Taking me for an Indian, they would offer me a ‘special’ price and on my correcting them they would exclaim: “Man…You were one country and became two after the British left.”
I was surprised to find street hawkers so informed on this count. Maybe they could relate because they had themselves won freedom from Spain — a colonial power like the British.
The walled city is so beautifully preserved that one feels travelling back in time once here. The houses built centuries ago have been converted into hotels, restaurants, galleries, bars etc without doing any harming the structures and even changing the colour schemes. Horse cart ride is a major attraction after dark and sometimes people have to wait for long for their turn.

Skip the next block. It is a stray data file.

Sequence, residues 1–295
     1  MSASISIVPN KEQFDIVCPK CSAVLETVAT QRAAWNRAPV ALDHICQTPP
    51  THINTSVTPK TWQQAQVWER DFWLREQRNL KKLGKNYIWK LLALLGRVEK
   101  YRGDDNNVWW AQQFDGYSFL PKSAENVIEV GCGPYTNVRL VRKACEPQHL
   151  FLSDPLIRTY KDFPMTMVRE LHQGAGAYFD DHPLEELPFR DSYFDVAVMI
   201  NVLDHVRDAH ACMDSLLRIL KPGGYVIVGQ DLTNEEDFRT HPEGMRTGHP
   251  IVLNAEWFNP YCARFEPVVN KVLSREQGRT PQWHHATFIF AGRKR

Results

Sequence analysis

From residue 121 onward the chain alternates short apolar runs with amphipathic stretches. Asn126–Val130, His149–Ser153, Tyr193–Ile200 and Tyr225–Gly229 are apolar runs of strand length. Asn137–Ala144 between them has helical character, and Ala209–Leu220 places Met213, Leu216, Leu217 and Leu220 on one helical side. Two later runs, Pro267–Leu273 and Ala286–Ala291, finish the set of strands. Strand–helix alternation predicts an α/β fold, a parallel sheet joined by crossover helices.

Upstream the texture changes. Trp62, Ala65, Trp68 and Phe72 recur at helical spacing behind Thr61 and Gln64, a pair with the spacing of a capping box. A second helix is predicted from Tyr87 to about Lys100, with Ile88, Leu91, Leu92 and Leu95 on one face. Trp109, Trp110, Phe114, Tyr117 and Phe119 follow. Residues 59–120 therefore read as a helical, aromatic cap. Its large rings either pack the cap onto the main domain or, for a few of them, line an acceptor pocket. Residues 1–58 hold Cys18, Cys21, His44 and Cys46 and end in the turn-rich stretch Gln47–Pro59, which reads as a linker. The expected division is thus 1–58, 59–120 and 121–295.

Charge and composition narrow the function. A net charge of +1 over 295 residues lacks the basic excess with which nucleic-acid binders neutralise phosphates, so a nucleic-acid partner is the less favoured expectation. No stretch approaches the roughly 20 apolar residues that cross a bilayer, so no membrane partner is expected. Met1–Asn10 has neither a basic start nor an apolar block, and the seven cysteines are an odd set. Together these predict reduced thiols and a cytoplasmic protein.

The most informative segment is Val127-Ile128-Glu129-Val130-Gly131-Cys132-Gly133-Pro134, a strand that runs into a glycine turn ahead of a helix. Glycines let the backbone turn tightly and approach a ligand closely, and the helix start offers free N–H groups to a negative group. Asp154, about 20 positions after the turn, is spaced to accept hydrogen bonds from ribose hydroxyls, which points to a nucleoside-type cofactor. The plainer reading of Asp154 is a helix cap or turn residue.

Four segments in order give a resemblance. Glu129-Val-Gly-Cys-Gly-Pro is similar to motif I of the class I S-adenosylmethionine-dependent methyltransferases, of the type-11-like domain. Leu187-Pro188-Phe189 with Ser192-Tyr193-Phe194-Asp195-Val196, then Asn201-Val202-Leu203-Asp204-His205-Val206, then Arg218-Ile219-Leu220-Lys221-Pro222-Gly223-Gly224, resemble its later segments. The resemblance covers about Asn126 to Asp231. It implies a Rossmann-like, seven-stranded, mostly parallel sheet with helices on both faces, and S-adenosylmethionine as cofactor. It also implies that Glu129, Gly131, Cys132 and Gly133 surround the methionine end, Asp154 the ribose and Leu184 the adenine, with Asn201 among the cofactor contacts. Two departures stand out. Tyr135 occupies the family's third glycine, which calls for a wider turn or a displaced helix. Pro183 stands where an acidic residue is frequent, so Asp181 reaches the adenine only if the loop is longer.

The area is very pedestrian-friendly and gets crowded as the night falls and the city livens up. The air is filled with aroma of local and foreign cuisine and the enchanting sound of indigenous music on streets and in clubs and bars. The family home of nobel laureate Gabriel Garcia Marquez is also here and, as per information provided by a Colombian guide, is up for sale.
Though the weather is mostly warm and humid, the city attracts a large number of tourists from countries like the US, Venezuela, Ecuador, Spain, Mexico, Peru and Panama. The sandy beaches, rainforests, diverse fauna and flora, economical passions, the perennially festive mood of the city, endless fairs and festivals are some of the reasons that make it a tourist hub.
There were options galore: We could spend good time at the beaches or opt for boat or launch rides to the closeby islands and an archipelago in close vicinity. There are about half a dozen different companies that persuade tourists to avail their options including that of riding on sight-seeing buses.